Older persons rank high amongst groups that are most affected by the COVID-19 pandemic. Not only do they face higher threats to their rights to life and health, but preventative and response-related measures further deepen their social isolation, and the chance to exercise their rights and autonomy. This will all continue until their voices are heard, and their views are seriously taken into account.
On 27 May 2020, the Right On initiative held a web chat titled ‘Protecting the rights of older persons during the COVID-19 pandemic’. The discussants for the occasion were Mr Klemen Ponikvar (Counsellor, Permanent Mission of Slovenia to the UN; Co-chair, Group of Friends for Rights of Older Persons), Ms Claudia Mahler (UN Independent Expert on the enjoyment of all human rights by older persons), Ms Bridget Sleap (Senior Rights Policy Advisor, HelpAge International), Ms Nena Georgantzi (Policy Co-ordinator, Human Rights and Non-Discrimination, AGE Platform Europe), Mr Rio Hada (Team Leader, Human Rights and Social and Economic Issues, Office of the High Commissioner for Human Rights (OHCHR)), and Ms Rachel Snow (Chief, Population and Development Branch, UN Population Fund (UNFPA).
The discussion was moderated by Ms Silvia Perel-Levin (Chair of the NGO Committee on Ageing, Geneva, Switzerland) and Mr Alfonso Barragues (Deputy Director, UNFPA).
Human rights and human dignity do not decrease with age
On the topic of priorities related to protecting older persons’ human rights, the discussants agreed that COVID-19 put older persons in the spotlight, as well as the challenges associated with ageing that were present even before the crisis. Given that COVID-19 is not the last health crisis that humanity will ever face, the pandemic has also shown that we cannot act in a reactive mode.
Even though it was underscored that human rights and human dignity do not decrease with older age, we are still facing challenges such as basic protective equipment for older persons and their carers, as well as their access to basic necessities, including water and sanitation. The protection of human rights of older persons should be a top priority on the international agenda, and more efforts are needed in terms of investing into the support of older persons to enable them to lead independent and autonomous lives.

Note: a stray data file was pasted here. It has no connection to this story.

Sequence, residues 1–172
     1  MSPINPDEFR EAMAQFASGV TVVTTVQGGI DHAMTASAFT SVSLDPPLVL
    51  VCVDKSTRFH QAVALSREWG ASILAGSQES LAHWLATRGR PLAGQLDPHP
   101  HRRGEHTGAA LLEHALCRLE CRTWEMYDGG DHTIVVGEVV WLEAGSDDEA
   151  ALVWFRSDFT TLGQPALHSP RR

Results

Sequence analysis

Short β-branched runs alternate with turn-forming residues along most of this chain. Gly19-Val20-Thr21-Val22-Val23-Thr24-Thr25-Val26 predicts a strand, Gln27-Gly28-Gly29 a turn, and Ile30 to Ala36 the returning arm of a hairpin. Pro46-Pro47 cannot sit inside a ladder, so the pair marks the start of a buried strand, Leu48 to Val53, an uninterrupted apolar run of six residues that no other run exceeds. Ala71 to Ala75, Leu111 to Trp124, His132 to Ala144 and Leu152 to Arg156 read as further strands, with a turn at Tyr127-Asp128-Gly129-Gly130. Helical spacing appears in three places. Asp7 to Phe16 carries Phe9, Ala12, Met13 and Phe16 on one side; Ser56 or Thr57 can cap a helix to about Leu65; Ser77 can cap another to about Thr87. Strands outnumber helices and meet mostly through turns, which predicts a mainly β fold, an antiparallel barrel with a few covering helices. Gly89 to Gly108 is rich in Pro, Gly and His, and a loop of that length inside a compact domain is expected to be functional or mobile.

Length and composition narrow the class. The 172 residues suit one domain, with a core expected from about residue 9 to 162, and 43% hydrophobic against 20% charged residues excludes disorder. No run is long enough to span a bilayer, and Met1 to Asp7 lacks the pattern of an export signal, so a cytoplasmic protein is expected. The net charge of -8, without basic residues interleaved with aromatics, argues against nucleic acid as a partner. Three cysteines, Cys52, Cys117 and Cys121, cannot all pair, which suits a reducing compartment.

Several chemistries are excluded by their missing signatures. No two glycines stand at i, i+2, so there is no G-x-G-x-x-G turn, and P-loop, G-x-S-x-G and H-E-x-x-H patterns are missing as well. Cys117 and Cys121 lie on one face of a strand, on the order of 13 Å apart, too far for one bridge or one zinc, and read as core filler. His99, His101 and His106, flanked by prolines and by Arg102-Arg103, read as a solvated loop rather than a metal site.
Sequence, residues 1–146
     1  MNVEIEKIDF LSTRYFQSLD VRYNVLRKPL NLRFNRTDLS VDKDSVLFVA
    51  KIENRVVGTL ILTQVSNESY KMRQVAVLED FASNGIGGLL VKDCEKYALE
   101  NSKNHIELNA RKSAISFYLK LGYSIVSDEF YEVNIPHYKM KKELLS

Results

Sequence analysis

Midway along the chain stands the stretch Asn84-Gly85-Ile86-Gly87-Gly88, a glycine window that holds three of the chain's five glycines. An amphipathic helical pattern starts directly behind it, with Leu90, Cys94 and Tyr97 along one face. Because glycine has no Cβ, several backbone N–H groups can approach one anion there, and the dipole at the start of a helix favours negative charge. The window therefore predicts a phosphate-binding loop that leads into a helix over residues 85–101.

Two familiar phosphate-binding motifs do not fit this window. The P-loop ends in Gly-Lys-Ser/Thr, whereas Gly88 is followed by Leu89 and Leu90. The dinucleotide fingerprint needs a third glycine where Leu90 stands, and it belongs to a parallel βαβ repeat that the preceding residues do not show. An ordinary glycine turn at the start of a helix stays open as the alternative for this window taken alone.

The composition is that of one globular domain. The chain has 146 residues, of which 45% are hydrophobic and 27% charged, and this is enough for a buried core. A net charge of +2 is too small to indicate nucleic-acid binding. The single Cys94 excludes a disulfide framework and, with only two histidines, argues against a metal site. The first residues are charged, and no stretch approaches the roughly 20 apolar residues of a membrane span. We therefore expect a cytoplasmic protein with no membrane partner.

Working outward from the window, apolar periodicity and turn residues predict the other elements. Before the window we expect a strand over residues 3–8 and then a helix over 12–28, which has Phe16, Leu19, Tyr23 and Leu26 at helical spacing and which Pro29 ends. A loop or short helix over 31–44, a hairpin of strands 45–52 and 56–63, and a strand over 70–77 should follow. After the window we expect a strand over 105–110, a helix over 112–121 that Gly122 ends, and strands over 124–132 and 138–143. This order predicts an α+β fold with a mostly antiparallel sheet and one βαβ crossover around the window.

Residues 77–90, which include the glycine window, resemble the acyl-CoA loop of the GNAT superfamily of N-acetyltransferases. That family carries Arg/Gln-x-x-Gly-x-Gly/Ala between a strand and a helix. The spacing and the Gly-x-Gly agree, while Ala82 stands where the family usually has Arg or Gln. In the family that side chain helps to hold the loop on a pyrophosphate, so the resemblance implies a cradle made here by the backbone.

Older persons were left behind
The discussants touched upon the question of a legally-binding instrument for the rights of older persons. While international mechanisms do exist, a comprehensive approach to the protection of their human rights is oftentimes missing from the picture. It was stressed that older persons were left behind during the pandemic and that they encountered many violations of their rights, including the right to life, the right to health, and the right to an adequate standard of living. One of the underlying reasons for these violations is that discrimination of older persons is rarely brought into question. Measures such as age-based confinement were considered ‘normal’, which would not have been the case if age was replaced with gender or race.
The speakers noted that, as we come out of the crisis, it will be important to make certain that such discriminatory practices against older persons do not spread to other aspects, i.e., access to vaccines or social-distancing measures that specifically target older workers.
The response plan for COVID-19
Reflecting on an adequate response plan for the COVID-19 crisis, the speakers noted three important principles: non-discrimination, dignity, and autonomy. Firstly, healthcare providers should treat older people when they experience COVID-19 symptoms, instead of turning them away. Secondly, to prevent discriminatory practices, legislation that prohibits age discrimination should be enacted. While interventions such as the provision of health and care services during the pandemic should uphold dignity, the context itself needs to be reconsidered. Dignity should not equal the protection of older persons, but rather respect their autonomy. Lastly, older persons should have the freedom to make their own decisions, which in turn requires access to information so they can make informed choices with regard to the risks they face.
UN activities on COVID-19
The participants also touched upon the role of the UN in the context of rights of older persons. It was highlighted that the voices of older persons vis-à-vis governments and other stakeholders need to be raised, and that the UN’s convening power can be used to do so. The UN can also help forge partnerships, as was done in Serbia where the collaboration of state institutions and UN bodies, including UN country teams, helped secure the rights of older persons and other risk groups.
Data on older persons
The participants also highlighted the importance of demographic data which can help in the policy- and decision-making processes. Broadly speaking, data and demographics can help understand the scale of the pandemic, the affected localities, as well as the realities older persons face. Considering that there is a lot of variation from country to country regarding the proportion and number of older people, national governments have to identify their own models and approaches in order to have a clear perspective. One of the elements that requires specific attention are living conditions, including whether older persons have access to pipe-water, the Internet, and if they are isolated, and gender. In essence, it is important to ensure that demographic data is available in order to assess the preparedness and response to COVID-19.